Okay. Yes. This is my alma mater. I’ll admit my bias up front. But a healthy Trojans squad looks about as formidable as anyone in the Pac-12. As long as new head couch Steve Sarkisian can manage the offense better than his predecessor Lane Kiffin, and if they can manage to stay healthy (that means no more jumping out of imaginary windows to save imaginary nephews Josh Shaw) SC could be the nation’s dark horse.
The Little League World Series begins today, one of our nations most beloved annual sporting events (along with the National Spelling Bee which I’ve also written about). Almost nothing makes me feel more American than watching these kids reach their dreams, surrounded by a giant cast of generous volunteers. For a brief month in the summer, these 11 and 12 year olds become superstars, and perhaps no 12 year old became more of a superstar on Little League’s biggest stage than the ace of the Bronx Little League in 2001, Danny Almonte. The only problem was, Danny wasn’t 12. He was 14. And after a perfect game and a 3rd place finish, Danny became the biggest scandal in youth sports history. ESPN recently released a 30 for 30 short documentary that investigates the controversy, and exposes the quiet young kid at the center of it. Click here to take a look at this fascinating exposé.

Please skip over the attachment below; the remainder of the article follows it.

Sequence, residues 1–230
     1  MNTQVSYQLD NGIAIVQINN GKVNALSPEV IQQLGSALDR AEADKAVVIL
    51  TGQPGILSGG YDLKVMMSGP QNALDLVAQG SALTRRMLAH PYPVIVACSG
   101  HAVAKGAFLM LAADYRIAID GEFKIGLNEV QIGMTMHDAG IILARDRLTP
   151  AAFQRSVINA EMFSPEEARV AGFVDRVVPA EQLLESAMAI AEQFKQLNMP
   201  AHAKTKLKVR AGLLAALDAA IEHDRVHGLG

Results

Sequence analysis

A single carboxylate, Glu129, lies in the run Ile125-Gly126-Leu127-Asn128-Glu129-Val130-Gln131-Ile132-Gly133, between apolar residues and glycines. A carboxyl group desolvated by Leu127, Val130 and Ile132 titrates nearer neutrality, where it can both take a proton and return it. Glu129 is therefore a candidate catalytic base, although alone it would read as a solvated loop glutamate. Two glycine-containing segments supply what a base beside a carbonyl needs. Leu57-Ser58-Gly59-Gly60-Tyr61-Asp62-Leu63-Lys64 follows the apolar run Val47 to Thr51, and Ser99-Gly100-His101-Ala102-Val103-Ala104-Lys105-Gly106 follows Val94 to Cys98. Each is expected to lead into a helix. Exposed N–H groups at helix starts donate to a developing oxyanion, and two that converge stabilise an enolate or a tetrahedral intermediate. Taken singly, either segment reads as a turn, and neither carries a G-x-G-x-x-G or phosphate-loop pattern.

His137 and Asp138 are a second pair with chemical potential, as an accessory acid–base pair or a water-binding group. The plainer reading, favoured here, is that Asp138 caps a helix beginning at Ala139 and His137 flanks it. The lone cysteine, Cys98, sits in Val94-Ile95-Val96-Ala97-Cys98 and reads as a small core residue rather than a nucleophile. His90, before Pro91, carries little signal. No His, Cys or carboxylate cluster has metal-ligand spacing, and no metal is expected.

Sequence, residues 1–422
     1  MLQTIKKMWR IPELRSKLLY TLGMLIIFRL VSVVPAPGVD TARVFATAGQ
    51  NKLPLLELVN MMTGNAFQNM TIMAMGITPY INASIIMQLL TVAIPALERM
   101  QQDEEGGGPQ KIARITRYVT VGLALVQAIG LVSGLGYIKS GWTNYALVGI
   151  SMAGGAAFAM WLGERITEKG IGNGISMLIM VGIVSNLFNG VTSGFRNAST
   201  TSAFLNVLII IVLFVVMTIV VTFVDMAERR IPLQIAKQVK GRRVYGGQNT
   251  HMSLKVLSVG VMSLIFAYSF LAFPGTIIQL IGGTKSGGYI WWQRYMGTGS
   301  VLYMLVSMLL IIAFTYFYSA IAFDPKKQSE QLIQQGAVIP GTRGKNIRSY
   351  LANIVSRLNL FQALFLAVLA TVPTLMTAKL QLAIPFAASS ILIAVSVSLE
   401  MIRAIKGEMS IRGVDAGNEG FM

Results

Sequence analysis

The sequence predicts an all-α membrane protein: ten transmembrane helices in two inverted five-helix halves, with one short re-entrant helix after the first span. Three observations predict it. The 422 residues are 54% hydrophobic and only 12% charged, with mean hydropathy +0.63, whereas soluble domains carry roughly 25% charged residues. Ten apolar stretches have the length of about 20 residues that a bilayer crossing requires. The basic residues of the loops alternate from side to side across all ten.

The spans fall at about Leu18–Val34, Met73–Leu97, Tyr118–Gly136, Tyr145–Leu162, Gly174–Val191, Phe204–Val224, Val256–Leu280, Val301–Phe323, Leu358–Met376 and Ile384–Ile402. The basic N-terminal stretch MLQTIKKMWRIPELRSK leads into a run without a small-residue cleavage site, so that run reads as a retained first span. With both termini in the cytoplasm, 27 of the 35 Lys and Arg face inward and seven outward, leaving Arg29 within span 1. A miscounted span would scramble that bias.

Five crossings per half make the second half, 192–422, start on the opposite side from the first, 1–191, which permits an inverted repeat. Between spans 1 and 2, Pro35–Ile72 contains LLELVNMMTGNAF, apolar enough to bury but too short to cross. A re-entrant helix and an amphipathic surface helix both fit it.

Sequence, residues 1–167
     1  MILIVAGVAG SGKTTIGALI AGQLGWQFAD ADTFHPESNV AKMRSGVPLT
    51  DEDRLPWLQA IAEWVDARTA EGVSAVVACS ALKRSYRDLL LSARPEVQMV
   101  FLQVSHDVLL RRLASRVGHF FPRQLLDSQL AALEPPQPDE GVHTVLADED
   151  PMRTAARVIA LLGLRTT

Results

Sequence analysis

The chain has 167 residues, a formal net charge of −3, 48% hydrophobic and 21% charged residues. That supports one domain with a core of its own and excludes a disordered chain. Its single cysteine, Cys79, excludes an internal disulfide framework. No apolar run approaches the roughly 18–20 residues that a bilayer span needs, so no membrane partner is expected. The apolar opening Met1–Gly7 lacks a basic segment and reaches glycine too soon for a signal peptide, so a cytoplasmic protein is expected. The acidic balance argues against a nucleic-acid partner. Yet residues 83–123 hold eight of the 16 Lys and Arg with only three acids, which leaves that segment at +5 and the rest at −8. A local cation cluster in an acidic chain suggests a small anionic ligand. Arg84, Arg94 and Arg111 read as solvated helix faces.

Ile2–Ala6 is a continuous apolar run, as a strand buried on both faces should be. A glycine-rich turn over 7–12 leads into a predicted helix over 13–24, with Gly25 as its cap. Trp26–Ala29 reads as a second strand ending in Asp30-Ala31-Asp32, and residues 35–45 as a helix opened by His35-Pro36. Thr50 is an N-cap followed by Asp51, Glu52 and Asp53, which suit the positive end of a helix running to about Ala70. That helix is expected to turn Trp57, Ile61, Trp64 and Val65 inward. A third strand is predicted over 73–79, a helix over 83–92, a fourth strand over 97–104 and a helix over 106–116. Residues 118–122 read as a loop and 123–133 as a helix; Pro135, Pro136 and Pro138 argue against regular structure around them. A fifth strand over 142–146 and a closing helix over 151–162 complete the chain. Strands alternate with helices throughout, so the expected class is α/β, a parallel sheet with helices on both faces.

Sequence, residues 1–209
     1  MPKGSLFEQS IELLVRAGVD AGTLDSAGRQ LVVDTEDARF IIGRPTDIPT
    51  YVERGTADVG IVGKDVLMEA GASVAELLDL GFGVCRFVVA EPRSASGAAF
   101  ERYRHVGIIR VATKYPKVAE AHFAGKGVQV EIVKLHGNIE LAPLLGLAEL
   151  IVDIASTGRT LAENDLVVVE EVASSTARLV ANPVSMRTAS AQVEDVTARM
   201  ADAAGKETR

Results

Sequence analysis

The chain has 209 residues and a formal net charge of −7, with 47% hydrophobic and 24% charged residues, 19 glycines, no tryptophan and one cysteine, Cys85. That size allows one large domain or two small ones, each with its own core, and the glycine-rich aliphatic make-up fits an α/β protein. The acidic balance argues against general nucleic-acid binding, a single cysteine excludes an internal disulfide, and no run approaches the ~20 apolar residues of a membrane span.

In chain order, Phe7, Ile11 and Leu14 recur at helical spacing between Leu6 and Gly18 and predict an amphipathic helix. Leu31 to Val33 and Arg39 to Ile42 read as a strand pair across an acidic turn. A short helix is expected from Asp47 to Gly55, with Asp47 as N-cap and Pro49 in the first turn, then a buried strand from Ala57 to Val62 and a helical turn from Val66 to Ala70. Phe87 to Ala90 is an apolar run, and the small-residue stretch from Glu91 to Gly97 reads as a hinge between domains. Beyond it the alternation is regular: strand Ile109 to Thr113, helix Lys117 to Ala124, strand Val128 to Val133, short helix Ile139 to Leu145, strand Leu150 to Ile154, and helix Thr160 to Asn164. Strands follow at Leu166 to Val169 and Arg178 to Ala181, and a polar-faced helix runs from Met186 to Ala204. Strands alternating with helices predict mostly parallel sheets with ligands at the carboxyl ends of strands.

The Primetime Emmy nominee list came out today and the annual turmoil over who was left unrecognized has begun. However, there is another set of fans who feel unrest over the mistreatment of their favorite celebrities.